Food price issues neglected in race for presidency

by Morton Sosland
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At this late point in the contest for the presidency, it is apparent that the outcome will have no direct impact on agricultural supports, which are so important to the business of food. Both candidates are doing everything possible to disassociate themselves and their new administrations from policies enacted during the eight years of the presidency of George W. Bush. Thus, neither Senator John McCain nor Senator Barack Obama has been bold enough to hint of taking up where Mr. Bush lost in his efforts to veto this year’s farm bill, the Food, Conservation and Energy Act of 2008. If there ever was a farm bill that needed re-thinking, in light of what has happened in the markets just as the law was enacted, it is this bill. The act does little to put American agriculture in position to compete effectively in global markets or even to serve effectively the domestic food market.

Listening attentively to the political conventions in Denver and St. Paul provided scant guidance as to the future direction of agricultural policy. American food and agricultural policy that not many years ago was the centerpiece of this sort of national convocation hardly earned mention. Neither presidential candidate, nor vice-president, had anything to say about food policy. This is no surprise considering that none of the three senators and the one governor who make up the two tickets have background or experience in this area of the economy. Sometimes in the past vice-presidential candidates were chosen for their experience in agriculture, but that hardly fits the current two, from Alaska and Delaware.

The two platforms, which are usually unheeded once the debating and campaigning intensify, include relatively small sections devoted to "rural America" in the case of one and "agricultural communities" for the other. It is the latter, the Republican Party Platform, that has the most daring approach by declaring, "The U.S. government should end mandates for ethanol and let the free market work." In view of the hackles that position is likely to raise in some states, and even though it does reflect Mr. McCain’s longstanding doubts about ethanol policy, it is no surprise that this step has not become a cornerstone of the Republican campaign. Instead, Mr. McCain will probably find it easier to focus on the importance of "a sensible economic safety net," which is half-hearted endorsement of Mr. Bush’s veto of the 2008 bill. Another point that may win wide acceptance is Republican embrace of "greater investment in conservation incentive programs."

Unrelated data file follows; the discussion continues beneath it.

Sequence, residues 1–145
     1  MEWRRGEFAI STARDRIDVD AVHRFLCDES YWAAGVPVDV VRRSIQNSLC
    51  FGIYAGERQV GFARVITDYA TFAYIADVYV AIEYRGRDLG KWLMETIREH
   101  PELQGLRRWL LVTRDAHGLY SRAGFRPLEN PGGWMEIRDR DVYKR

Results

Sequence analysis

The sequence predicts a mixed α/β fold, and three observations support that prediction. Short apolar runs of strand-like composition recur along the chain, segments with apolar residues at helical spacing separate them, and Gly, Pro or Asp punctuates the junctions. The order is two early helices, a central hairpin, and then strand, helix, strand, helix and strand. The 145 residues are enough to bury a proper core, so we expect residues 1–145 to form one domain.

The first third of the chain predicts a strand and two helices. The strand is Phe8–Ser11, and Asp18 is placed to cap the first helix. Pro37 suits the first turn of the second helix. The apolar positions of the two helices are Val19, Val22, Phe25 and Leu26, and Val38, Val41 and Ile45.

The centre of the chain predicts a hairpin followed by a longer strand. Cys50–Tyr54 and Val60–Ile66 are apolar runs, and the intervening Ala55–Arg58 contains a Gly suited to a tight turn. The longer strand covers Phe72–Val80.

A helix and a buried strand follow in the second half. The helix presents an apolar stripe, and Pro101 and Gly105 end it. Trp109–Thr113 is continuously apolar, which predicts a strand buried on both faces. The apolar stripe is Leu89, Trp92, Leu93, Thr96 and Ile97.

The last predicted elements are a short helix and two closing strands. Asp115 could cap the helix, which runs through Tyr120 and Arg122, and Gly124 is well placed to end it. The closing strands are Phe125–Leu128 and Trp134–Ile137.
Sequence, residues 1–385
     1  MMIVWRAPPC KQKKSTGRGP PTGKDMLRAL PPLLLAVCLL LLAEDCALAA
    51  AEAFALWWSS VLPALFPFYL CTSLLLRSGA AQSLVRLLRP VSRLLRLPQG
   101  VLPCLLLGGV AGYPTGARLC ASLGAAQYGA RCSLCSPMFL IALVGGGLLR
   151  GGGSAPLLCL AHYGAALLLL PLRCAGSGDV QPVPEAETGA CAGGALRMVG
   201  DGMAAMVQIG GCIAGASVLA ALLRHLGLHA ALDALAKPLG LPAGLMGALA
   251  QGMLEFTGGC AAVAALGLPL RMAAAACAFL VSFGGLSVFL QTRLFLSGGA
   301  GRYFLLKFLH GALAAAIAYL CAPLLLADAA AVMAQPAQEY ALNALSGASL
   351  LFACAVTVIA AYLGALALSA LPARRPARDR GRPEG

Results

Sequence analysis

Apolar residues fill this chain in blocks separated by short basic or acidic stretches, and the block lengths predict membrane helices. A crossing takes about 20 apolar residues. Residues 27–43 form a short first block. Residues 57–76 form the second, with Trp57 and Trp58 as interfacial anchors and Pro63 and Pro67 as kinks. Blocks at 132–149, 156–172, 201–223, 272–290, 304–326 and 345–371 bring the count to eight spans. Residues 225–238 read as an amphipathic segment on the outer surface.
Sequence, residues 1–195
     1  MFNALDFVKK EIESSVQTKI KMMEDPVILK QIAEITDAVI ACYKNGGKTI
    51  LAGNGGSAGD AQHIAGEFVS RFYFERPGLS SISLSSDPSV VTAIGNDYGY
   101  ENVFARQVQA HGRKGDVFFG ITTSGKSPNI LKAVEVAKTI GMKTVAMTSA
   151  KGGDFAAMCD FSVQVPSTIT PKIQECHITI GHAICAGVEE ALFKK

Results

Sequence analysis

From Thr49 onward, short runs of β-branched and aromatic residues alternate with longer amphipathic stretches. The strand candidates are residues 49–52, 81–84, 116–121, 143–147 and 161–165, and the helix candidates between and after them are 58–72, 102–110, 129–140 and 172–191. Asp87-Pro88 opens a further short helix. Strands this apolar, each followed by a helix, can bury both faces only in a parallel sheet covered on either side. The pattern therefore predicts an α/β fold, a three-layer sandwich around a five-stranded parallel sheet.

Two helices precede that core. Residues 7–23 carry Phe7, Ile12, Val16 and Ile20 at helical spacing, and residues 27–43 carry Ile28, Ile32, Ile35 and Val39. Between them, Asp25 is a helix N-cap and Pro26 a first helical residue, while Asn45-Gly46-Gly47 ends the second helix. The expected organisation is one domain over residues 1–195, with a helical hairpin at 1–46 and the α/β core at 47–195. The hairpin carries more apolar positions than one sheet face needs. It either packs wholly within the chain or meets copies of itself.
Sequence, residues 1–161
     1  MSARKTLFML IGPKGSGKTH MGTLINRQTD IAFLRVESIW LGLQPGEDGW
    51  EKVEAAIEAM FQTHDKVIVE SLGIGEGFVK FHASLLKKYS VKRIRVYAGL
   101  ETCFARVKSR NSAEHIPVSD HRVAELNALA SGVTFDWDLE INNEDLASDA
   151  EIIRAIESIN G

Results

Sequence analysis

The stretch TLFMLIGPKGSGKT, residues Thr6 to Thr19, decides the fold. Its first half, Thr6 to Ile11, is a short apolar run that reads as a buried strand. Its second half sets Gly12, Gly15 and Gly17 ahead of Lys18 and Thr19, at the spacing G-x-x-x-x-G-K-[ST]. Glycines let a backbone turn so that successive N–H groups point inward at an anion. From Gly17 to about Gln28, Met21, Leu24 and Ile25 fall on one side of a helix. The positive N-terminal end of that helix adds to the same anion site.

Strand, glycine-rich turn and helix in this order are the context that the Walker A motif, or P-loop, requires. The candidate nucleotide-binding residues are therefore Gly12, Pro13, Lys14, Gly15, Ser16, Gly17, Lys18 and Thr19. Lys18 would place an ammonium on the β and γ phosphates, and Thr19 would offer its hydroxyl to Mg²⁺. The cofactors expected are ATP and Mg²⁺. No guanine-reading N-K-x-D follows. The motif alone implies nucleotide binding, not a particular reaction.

The platform provided to Mr. Obama does not neglect the "safety net" issue, promising permanent disaster relief, expanded crop research and emphasis on trade. Here it should be no surprise that the Democratic platform seeks to revive the commitment of all Americans to "preserving and increasing the economic vitality of family farms." It is adherence to that belief that led to the adoption of costly farm support programs. This year’s platform embraces ethanol by saying, "We depend on those in agriculture to produce food, feed, fiber and fuel," with those last two words an addition of considerable consequence, not just for America’s energy policy but also for sectors of the food industry that blame ethanol for a large share of food inflation.

Both platforms avoid casting blame for the record high food inflation this year. While recent declines in commodities may ease those concerns, it seems unrealistic for such an important development to be neglected in this campaign. Based on how the platforms read and what the candidates have said so far, it seems likely that any reference to this matter will not receive serious consideration. Of the many horrendous issues facing America and particularly the domestic economy, few deserve more understanding and more serious analysis than the totally new world of food and agricultural prices that has already caused so much havoc.

This article can also be found in the digital edition of Food Business News, October 28, 2008, starting on Page 7. Click
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